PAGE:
Regardless of the final outcome, the case of H.H. Union represents a case par excellence of contentious unionism, the strategic choices of which have already been revitalizing Greek trade unions more generally. The H.H. strike is based on a record of 18 general assemblies, in which membership confirmed, adjusted, or challenged leadership’s intentions. Dozens of collective actions, ranging from demonstrations, campaigns and concerts, to meetings with government and political parties, were constantly renewing the commitment of H.H. steelworkers. The rank and file participation, the cornerstone of a revitalizing strategy, was achieved through appropriate organizational patterns that the union formed (Solidarity Committee, Unemployed Committee, Women Committee). This social movement orientation utilized the broader sense of injustice and generated a unique solidarity wave towards the H.H. strikers: hundreds of unions, contributed with money, food, supplies, or supportive announcements. During the numerous protests of Greek employees against austerity measures a slogan echoes firmly the diffusion of solidarity: “Let’s turn Greece into an H.H.” International solidarity was not less important either: more than one hundred unions and organizations from all over the world, declared their solidarity with the H.H. steelworkers.
Two interrelated aspects should be highlighted as the main explanatory factors of this labour upsurge: the collective identities which are forged while a widespread sense of injustice is growing and the issue of agency. As the case of other plants of H.H. have shown, the challenging of employers’ demands should not be taken for granted. At Aspropyrgos plant, the co-existence of a popular organizational leader with a radical collective leadership constituted by activists and unionists from other unions (mainly affiliated to PAME, a communist-led union front) broadened the “reservoirs” of militancy and activism and resulted in a typical “outsider-within” case of leadership. A coherent contentious strategy with revitalizing effects could hardly be attainable without these certain leadership qualities.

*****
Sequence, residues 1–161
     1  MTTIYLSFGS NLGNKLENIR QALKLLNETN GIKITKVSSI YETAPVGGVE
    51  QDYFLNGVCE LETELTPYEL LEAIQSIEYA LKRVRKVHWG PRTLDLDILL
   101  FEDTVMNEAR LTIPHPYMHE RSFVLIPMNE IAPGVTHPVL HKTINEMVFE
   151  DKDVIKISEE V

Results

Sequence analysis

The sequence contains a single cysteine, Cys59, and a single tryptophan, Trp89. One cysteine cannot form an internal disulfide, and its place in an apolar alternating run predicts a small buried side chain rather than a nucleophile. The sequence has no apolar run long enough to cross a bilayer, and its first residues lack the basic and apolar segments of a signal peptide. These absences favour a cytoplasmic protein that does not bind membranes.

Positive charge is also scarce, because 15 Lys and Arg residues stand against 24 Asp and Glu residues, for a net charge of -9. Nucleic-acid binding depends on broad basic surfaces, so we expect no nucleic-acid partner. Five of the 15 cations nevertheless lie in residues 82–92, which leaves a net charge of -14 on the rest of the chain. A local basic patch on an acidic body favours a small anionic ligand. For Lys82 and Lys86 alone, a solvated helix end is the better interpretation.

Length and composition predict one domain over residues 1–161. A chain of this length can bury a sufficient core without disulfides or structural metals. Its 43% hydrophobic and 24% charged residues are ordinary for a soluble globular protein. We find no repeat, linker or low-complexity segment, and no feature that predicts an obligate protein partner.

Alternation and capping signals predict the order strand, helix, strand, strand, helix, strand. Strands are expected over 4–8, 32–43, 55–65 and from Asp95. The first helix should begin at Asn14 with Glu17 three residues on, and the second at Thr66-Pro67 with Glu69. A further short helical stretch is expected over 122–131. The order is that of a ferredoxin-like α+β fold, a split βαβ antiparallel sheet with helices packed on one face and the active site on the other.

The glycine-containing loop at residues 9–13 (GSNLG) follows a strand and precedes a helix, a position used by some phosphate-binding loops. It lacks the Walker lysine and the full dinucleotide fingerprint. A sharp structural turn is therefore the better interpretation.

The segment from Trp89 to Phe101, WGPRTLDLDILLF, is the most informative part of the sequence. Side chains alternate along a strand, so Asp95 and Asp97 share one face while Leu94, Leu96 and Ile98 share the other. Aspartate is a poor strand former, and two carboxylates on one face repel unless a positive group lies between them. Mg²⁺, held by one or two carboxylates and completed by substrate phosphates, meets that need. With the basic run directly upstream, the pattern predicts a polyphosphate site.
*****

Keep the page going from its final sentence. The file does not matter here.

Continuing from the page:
To sum up, the fundamental renewal success of H.H. strikers is that they managed to imagine themselves as leading actors whose actions are not indifferent to them and others. H.H. Union and its radical leadership re-invented the union’s role as a “sword of justice” and thus occupied a pivotal status at the collective imaginary of Greek people. Considering the volume of recent state strikebreaking coercion in front of the H.H. plant, this struggle concerns a broader range of economic and political elites too. In addition to the H.H. strike, other intensive strike events have also emerged in telecommunications, the metal industry, recycling industry, etc., not unrelated to the H.H. struggle. A “silent” majority of employees in the private sector have chosen to accept wage cuts without taking industrial action. Clearly, the activation of worker consciousness during times of economic hardship is a complex and multi-factor issue. Nevertheless, the workers at H.H. have shown that resistance to capitalist restructuring and austerity is possible.
Dr. Giorgos Bithymitris,
25 July 2012
Dr. Giorgos Bithymitris,
25 July 2012